c++ – defining static const structs – Education Career Blog

This question is related to Symbian OS yet I think that C/C++ veteran can help me too.
I’m compiling an open source library to Symbian OS. Using a GCCE compiler it compiles with no errors (after some tinkering 🙂 ).
I changed compiler to ARMV5 and now I have multiple errors with the definitions of static const structs, for example:
I have a struct:

typedef struct Foos{
    int a;
    int b;
} Foos;

And the following definition of a const struct of type Foos

static const Foos foo = {
    .a = 1,
    .b = 2,

GCCE has no problem with this one and ARMV5 goes “expected an expression” error on the “.a = 1, .b = 2,”. From what I googled regarding this I reckon that this method should be legal in C but illegal in C++, if that’s the case then what are the possibilities for declaring const structs in C++ ? If that’s not the case then any other help will be appreciated.

Thanks in advance 🙂


static const struct Foos foo = { 1, 2 };

Compiles with both g++ and gcc.

You could ofcourse, as onebyone points out, define a constructor:

typedef struct Foos {
    int a;
    int b;
    Foos(int a, int b) : a(a), b(b) {}

Which you would initalize like so:

static const struct Foos foo(1, 2);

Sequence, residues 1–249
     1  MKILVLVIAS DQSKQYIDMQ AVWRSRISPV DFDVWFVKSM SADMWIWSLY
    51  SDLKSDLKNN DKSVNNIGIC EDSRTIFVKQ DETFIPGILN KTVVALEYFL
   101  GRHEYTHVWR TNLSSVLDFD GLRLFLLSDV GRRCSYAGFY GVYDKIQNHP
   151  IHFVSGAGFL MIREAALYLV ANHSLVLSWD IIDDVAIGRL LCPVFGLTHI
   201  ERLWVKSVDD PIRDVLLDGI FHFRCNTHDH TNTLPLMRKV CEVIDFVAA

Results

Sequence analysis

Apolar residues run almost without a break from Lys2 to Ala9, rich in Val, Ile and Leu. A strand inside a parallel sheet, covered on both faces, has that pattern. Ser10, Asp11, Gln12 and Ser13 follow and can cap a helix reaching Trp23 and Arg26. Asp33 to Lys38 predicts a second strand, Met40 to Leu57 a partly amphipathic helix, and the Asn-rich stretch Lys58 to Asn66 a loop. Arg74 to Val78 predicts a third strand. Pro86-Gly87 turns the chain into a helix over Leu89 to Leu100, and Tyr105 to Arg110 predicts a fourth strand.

That’s legal C99, but not legal C89 or C++. Presumably you’re compiling this as C++, so if you use compiler options to enforce standards-compliance, then GCCE will reject it too.

You can do foo = {1, 2}; in C or C++. Obviously you lose the benefit of the field names being right there: you have to rely on getting the order right.

Another good option in C++ is to define a constructor for your struct, and initialize with static const Foos foo(1,2);. This does prevent the struct being POD, however, so you can’t make the same assumptions about its representation in memory.


Just a note that writable static data is not supported in DLL’s on some versions of Symbian. It may not affect what you are doing as your examples are const or you may be only supporting Symbian v8.1b or later.

I thought I would point it out as I fell into that trap once.

Quote from the link above:

Support for global writeable static
data on Symbian OS

Symbian OS supports global writeable
static data in EXEs on all versions
and handsets.

Versions of Symbian OS based on the
EKA2 kernel (8.1b and later) support
WSD in DLLs on target hardware.
Versions 8.1a and earlier, based on
the EKA1 kernel, do not support global
WSD in DLLs.


The dot style notation is I think valid in ANSI C99. It is not valid is ANSI C89. Almost all C compilers have not implemented C99.

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